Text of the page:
“Our commitment to breaking down barriers for students and diversifying our institutions remains the same,” said Kedra Ishop, USC vice president of enrollment, at a panel discussion titled “The Future of University Admissions After the Supreme Court Ruling on Affirmative Action.”
Hosted by USC Rossier and moderated by USC Rossier Dean Pedro Noguera, the panel featured Ishop, professors Jerome Lucido, Art Coleman and Julie Posselt. The discussion, which provided scholarly and administrative perspectives, addressed the challenges and strategies for aligning admissions practices with equity and diversity goals, especially in light of recent U.S. Supreme Court rulings in Students for Fair Admissions (SFFA) v. Harvard and SFFA v. UNC. These decisions, while painful and disruptive, have created an imperative at universities and the units within them to reflect upon and, in many cases, make significant changes to their policies and practices.
Key takeaways from the panelists include:
Kedra Ishop: “[Of nearly] 4,000 four-year degree granting institutions in the country, selective institutions [comprise] only a couple of hundred. Most students get into where they want to [attend college]. However, that is not how this is presented in the public. It is presented as if [the Court’s decisions] impact every institution that is out there. [However, there are larger] systemic issues associated with inequity and lack of access to higher education at selective institutions and other institutions.
“This is not the end of the road. There are other fights ahead. As an admission and enrollment industry [we are] not only focused on adjusting to the decision of the Court today and the tool that they took away from us, [we are] also thinking about other aspects of our processes that we know [they] will come after in short order. [We must] be thinking about how we will prepare ourselves to continue making adjustments to our process when our commitment to breaking down barriers for students and diversifying our institutions remains the same.”
Julie Posselt: “If there has been a single silver lining that I have seen over the course of the last [several] months, it is that these decisions are forcing self-assessments that otherwise do not happen. Within that self-assessment I am starting to see more motivation for some of the overdue systemic changes that we have been waiting for in higher education.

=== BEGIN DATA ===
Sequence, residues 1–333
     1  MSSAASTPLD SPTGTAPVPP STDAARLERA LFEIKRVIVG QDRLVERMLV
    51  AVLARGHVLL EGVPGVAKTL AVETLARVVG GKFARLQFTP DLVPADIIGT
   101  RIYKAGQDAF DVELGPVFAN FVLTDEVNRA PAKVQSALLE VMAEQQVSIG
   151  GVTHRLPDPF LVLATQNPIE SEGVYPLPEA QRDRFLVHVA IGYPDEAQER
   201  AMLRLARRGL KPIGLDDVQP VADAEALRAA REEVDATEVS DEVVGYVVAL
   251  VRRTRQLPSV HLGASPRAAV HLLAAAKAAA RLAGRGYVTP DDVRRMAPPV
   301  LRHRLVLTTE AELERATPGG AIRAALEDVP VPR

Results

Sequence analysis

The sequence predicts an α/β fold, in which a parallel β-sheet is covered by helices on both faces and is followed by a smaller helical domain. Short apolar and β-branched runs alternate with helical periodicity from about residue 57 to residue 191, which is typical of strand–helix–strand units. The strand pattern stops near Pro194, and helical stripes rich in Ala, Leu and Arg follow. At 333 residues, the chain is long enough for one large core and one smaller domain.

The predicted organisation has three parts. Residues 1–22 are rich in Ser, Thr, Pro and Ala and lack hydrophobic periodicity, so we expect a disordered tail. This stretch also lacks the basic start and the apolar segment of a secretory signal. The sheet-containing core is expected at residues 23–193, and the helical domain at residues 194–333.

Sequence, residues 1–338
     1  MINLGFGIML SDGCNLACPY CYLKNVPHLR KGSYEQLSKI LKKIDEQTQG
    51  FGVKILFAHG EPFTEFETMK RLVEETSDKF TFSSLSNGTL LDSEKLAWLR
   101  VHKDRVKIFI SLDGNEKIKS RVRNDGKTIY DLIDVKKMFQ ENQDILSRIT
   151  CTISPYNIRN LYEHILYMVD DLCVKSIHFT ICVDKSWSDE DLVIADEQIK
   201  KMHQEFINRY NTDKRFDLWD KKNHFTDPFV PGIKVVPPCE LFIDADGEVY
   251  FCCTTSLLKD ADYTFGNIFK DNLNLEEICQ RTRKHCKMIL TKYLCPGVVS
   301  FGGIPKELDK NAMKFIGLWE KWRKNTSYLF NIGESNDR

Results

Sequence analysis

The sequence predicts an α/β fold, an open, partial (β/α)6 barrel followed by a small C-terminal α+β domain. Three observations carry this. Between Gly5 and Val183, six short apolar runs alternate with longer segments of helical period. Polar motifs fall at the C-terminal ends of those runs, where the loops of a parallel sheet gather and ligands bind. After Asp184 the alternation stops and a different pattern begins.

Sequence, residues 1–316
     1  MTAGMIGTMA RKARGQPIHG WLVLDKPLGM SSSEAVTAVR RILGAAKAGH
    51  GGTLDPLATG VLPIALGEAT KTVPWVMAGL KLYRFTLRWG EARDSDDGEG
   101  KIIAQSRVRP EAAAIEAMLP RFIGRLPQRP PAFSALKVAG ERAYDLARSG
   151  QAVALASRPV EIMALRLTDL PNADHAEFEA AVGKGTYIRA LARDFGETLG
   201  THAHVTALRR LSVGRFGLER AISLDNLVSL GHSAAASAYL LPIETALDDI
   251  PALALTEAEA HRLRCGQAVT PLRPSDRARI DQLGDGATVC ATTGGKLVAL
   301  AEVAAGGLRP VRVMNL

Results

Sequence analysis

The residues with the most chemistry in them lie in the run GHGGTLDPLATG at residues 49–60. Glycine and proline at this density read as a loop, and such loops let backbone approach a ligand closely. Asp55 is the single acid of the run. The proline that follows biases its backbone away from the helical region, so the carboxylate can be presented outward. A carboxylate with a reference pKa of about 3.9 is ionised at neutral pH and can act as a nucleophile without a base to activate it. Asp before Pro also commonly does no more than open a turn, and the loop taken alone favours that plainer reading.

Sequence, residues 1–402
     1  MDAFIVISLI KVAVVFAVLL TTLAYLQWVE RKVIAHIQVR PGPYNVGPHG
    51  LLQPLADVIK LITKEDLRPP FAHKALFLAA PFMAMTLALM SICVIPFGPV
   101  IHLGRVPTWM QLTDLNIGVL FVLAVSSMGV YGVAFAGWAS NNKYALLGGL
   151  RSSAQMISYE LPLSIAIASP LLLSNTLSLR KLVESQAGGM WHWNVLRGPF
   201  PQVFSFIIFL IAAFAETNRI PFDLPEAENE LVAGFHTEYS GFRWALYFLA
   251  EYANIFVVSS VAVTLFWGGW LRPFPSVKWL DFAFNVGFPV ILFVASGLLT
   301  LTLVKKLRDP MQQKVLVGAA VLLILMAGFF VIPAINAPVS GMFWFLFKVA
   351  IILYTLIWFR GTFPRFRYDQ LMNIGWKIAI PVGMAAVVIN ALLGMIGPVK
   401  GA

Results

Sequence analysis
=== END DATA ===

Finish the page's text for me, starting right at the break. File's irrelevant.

“California’s public universities have long been subjected to restrictions on the consideration of race because of California Proposition 209. My team [and I] have been developing a model for holistic admissions that does keep diversity at the center within the terms of the law. … The research-practice partnerships I have built, most notably the Equity in Graduate Education Consortium, have been organizing faculty for equity and trying to upskill them to carry out admissions in ways that are more aligned with their values than the systems they have been handed down. I am proud of USC Rossier’s work as an entity that is trying to push this forward.”
Jerry Lucido: “I work in the USC Rossier Center for Enrollment Research, Policy and Practice and study these things. Our mission is to promote equitable enrollment policy and practice. I believe it is critical to understand that there is a large political agenda to attack diversity practices in the United States. [We must] redouble our efforts [to promote diversity in education] by knowing what SFFA vs. Harvard left alone and which [tools we can still use].
“We never won in the court of public opinion [on this topic.] There is a new opportunity to recast our set of arguments and create a new narrative about the criticality of diversity, equity and inclusion.”
Art Coleman: “This was not a total wipeout; it was a consequential earthquake. As bad as this decision is, there is a nuance to it. It sets the stage for what we can do, which we should take to the bank. We still have a framework [intact] that has guided us for 45 years. [It is important] to lean into that framework.
“This is a moment for leadership, not retrenchment.
“We have to get comfortable dealing with a landscape of legal uncertainty as we navigate [this issue.] This was a limited decision that only talked about admission. It did not talk about financial aid and scholarships, it did not talk about data collection, it did not talk about recruitment and outreach and there are implications in some of those areas that have to be navigated. We are dealing with, effectively, a blank slate legally. There is a lot of work to do, but we must navigate this zone of uncertainty [effectively.]
After a substantive audience Q&A, the evening concluded with a collective message from each panelist: Always keep the faith; believe in the mission. It will take a multifaceted and multidisciplinary response to adequately respond to the recent U.S. Supreme Court decisions and continue striving for greater access and equity in education.
On Feb. 20-22, 2024, CERPP Conference 2024: Defending Equity, will provide pathways for greater equity in the wake of the SCOTUS decision on Affirmative Action and the attacks on diversity, equity and inclusion initiatives.